It’s a beautiful day in the neighborhood.
Susan Venegoni is the president of the State College Community Land Trust board of directors.
The trust helps to secure affordable housing for people who want to make their home in the Borough of State College. Over the past 20 years, the trust has accumulated just shy of 40 different properties and worked with 55 different households.
Below, Venegoni talks about where she sees the SCCLT going in the next 20 years.
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Q: When and why did you become involved with the SCCLT?
A: I started volunteering with the SCCLT in 2012. I had taken an extended break from working and volunteering to care for my dad while he was ill. When he passed away in late 2011, I wanted to get back into working in the community as I had done since moving here in 1995. I am a long-standing advocate of affordable housing and am involved in various efforts to further borough neighborhood initiatives. I had heard about the SCCLT and the work they were doing and when I was asked to join the board, I happily accepted.
Q: How do you think the SCCLT has evolved over the past 20 years?
A: We have increased the number of homes in the program steadily throughout the time we have been in operation, and now have almost 40 homes, located in the Borough of State College. We have served 55 households to date. Internally, we have worked hard to increase our outreach methods and capabilities to reach the people who could take advantage of the services we offer, and to educate the community about the work we do. Our volunteer base has grown and includes people from diverse backgrounds, professions and life experiences. In 2015, we became a Centre County United Way Partner Agency. We are working with PSU, the borough and other dedicated partners as we pursue our newest endeavor, our Greenbuild project. We are always moving forward.
Q: Who would you consider to be your target audience?
A: For applicants, our target audience is individuals or families who fall within minimum and maximum income limits established annually by HUD (U.S. Department of Housing and Urban Development). The income limits are based on the family size and area median income data. Currently, SCCLT applicants are eligible if they fall within the low/moderate income guidelines. With Greenbuild, we will branch out into the middle income category, which is exciting for us. There are currently very few affordable homes for buyers in that income level. We work with people who want to live near work, school, public transit, shopping, campus and all the amenities State College has to offer, but who also may feel living in the borough is out of their reach financially.
Q: What is one thing that usually surprises people about the SCCLT?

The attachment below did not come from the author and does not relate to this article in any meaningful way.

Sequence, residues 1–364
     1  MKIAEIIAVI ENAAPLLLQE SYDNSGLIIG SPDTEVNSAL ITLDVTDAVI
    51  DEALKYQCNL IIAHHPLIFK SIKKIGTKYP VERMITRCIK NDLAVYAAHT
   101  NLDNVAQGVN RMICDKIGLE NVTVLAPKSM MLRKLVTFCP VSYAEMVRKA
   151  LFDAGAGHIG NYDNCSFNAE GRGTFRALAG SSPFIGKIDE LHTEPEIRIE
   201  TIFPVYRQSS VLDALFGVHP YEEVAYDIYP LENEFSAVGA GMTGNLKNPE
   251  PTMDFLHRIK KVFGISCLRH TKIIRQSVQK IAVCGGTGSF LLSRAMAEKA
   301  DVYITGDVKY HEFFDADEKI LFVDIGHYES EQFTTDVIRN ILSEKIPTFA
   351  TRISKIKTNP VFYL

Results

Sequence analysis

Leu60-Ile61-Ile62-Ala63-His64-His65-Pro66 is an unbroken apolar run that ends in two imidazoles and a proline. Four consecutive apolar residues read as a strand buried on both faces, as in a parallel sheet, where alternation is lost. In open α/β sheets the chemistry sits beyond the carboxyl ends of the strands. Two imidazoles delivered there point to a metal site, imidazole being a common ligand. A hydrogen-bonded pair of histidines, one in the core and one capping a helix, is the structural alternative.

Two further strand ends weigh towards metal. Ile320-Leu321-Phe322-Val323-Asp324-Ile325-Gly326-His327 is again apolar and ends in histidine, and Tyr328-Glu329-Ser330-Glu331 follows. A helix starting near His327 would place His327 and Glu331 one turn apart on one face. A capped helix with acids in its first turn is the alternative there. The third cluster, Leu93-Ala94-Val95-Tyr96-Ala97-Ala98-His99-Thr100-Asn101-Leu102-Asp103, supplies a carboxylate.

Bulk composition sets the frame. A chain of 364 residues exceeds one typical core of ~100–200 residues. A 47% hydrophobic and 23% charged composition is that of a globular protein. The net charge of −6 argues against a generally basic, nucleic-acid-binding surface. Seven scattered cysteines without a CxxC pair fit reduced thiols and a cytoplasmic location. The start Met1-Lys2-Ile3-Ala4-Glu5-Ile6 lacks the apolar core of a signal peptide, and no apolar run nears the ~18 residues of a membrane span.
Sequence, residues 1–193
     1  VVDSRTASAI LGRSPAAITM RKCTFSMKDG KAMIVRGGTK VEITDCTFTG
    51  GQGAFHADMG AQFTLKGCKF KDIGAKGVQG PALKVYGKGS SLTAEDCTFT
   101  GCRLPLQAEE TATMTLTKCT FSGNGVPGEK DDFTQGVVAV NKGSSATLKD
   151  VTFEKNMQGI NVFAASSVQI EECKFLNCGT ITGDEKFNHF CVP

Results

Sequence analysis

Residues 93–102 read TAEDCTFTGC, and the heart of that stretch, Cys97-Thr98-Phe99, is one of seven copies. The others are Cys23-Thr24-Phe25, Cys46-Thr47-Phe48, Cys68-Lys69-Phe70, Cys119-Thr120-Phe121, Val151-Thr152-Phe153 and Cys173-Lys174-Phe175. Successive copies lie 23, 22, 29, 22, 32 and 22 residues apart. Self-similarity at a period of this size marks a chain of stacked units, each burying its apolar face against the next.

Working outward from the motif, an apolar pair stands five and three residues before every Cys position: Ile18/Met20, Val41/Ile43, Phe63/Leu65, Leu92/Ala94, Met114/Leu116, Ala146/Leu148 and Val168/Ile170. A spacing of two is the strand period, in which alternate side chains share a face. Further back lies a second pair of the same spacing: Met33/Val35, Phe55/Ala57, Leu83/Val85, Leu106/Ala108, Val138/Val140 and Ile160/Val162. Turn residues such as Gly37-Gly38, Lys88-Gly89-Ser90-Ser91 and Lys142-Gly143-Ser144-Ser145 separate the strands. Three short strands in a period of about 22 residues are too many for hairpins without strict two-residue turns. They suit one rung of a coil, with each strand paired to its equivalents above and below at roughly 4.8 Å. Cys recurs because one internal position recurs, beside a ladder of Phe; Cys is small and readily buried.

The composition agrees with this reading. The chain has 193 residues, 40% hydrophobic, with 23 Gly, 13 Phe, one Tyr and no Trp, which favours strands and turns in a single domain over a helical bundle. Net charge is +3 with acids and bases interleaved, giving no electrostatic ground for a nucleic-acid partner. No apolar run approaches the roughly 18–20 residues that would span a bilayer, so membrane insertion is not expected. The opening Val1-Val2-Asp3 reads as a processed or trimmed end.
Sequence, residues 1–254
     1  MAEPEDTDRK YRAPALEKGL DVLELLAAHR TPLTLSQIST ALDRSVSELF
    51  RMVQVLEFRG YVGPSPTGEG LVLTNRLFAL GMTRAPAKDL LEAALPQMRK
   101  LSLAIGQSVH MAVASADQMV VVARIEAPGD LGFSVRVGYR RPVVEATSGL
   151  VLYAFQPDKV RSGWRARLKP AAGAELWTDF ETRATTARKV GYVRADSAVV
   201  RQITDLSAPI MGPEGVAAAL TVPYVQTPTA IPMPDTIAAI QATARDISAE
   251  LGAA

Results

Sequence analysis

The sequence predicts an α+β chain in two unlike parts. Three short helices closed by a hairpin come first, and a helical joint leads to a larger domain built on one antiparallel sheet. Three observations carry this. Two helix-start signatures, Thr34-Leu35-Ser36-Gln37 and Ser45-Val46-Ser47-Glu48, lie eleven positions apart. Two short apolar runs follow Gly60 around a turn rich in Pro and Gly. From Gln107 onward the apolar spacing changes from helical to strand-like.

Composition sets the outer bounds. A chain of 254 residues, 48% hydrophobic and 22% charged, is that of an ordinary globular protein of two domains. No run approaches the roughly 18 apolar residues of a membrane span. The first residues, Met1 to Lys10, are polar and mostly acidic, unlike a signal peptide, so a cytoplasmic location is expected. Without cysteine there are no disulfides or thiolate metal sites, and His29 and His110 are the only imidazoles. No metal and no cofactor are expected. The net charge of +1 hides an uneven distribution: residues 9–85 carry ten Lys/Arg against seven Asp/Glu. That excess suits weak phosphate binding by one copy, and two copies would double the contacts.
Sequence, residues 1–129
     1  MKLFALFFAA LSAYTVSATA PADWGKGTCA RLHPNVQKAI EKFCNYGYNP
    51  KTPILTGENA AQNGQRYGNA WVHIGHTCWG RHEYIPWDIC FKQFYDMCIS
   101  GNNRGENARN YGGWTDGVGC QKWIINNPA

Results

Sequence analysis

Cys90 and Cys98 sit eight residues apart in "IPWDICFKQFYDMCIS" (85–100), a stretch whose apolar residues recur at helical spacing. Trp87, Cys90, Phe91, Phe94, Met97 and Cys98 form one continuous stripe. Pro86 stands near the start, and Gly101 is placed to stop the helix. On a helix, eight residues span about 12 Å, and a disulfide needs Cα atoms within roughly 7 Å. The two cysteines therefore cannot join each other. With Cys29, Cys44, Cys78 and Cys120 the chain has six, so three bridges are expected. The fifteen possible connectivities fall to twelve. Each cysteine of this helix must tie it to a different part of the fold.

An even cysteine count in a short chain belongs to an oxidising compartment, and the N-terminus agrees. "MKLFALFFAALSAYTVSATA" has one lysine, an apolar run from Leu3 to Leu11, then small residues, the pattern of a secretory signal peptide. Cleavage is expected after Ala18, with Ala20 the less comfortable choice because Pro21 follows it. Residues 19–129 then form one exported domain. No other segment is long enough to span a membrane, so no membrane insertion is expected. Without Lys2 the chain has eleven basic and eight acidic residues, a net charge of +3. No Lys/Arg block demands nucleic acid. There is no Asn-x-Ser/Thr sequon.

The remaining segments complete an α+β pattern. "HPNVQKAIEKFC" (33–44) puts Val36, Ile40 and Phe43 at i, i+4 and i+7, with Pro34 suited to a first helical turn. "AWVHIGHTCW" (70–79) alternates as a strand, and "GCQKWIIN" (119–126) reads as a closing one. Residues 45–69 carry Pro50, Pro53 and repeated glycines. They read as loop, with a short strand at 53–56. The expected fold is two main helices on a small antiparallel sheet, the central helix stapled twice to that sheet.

A: My immediate response is yes, you can own a home in the borough. Applicants who are paying rent are stunned sometimes when they see that they can afford to own a home for less than they are paying to rent. Another thing that surprises people is that we have homes in every borough neighborhood. And my favorite surprise: We have never had a single foreclosure in the history of the program.
Q: What does home ownership represent to you? Why do you think it is important to a community like this one?
A: To me, home ownership is a life accomplishment and a big part of personal financial success. It represents independence and freedom to carve out a place of your own. It is also a commitment, for the owner(s), the families and to the community … someone is ready to put down roots and build a life here. A diverse neighborhood is a healthier, sustainable, safer and more stable neighborhood.
Q: When the SCCLT purchases a new house, in what kind of condition is it typically found?
A: It varies from house to house, but generally, the houses we buy need some work. We need to buy homes that are priced so they remain affordable to the people who will be buying them. What other buyers may see as a problem, we see as an opportunity. Our Real Estate and Rehab Committee is adept at finding properties that fit our needs and that are desirable and affordable for new homeowners.
Q: What kind of work goes into rehabilitating each home before a new owner takes over? What is the final goal?
A: Again, it varies from house to house, but our homes are professionally inspected and brought up to code and mitigation of known hazards such as lead or radon is completed. All of the home’s systems are tested and replaced or upgraded as needed. We strive to increase energy efficiency, to help the environment, but also to assist with long-term affordability for the owners. Finally, cosmetic upgrades to the home — such as painting or yard work — are completed, often with help from the buyers, community volunteers and student groups.
Q: Has there been a moment or a memory during your time with the SCCLT that sticks out as feeling particularly rewarding or worthwhile?
A: The look on the new owners’ faces when they are handed the keys to their first home is such a great moment. A substantial amount of time and effort goes into the process of transitioning from applicant to homeowner, and playing a small part in assisting new owners as they take possession of their first home is my favorite part of volunteering for the SCCLT.
Q: Where would you like to see the SCCLT in another 20 years?
A: Of course, I would like to see us grow and have the capacity to fully meet the unmet and growing need for local affordable home ownership opportunities. It takes effort and work to turn a house into a home or to transition from an applicant to a homeowner, so growing at an appropriate pace to sustain the high quality of the program and its services is paramount. I want to continue what we are doing, while exploring and taking advantage of new opportunities as they develop.
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